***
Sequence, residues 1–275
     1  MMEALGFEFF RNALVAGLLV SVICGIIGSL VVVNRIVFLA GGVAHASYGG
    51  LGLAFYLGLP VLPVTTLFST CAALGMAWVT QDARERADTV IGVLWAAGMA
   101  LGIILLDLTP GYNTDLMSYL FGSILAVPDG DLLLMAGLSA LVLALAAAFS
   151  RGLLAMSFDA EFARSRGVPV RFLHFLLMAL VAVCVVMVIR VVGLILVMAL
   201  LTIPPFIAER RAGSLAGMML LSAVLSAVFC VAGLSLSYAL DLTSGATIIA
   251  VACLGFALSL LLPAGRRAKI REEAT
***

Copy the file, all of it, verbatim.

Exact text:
Sequence, residues 1–275
     1  MMEALGFEFF RNALVAGLLV SVICGIIGSL VVVNRIVFLA GGVAHASYGG
    51  LGLAFYLGLP VLPVTTLFST CAALGMAWVT QDARERADTV IGVLWAAGMA
   101  LGIILLDLTP GYNTDLMSYL FGSILAVPDG DLLLMAGLSA LVLALAAAFS
   151  RGLLAMSFDA EFARSRGVPV RFLHFLLMAL VAVCVVMVIR VVGLILVMAL
   201  LTIPPFIAER RAGSLAGMML LSAVLSAVFC VAGLSLSYAL DLTSGATIIA
   251  VACLGFALSL LLPAGRRAKI REEAT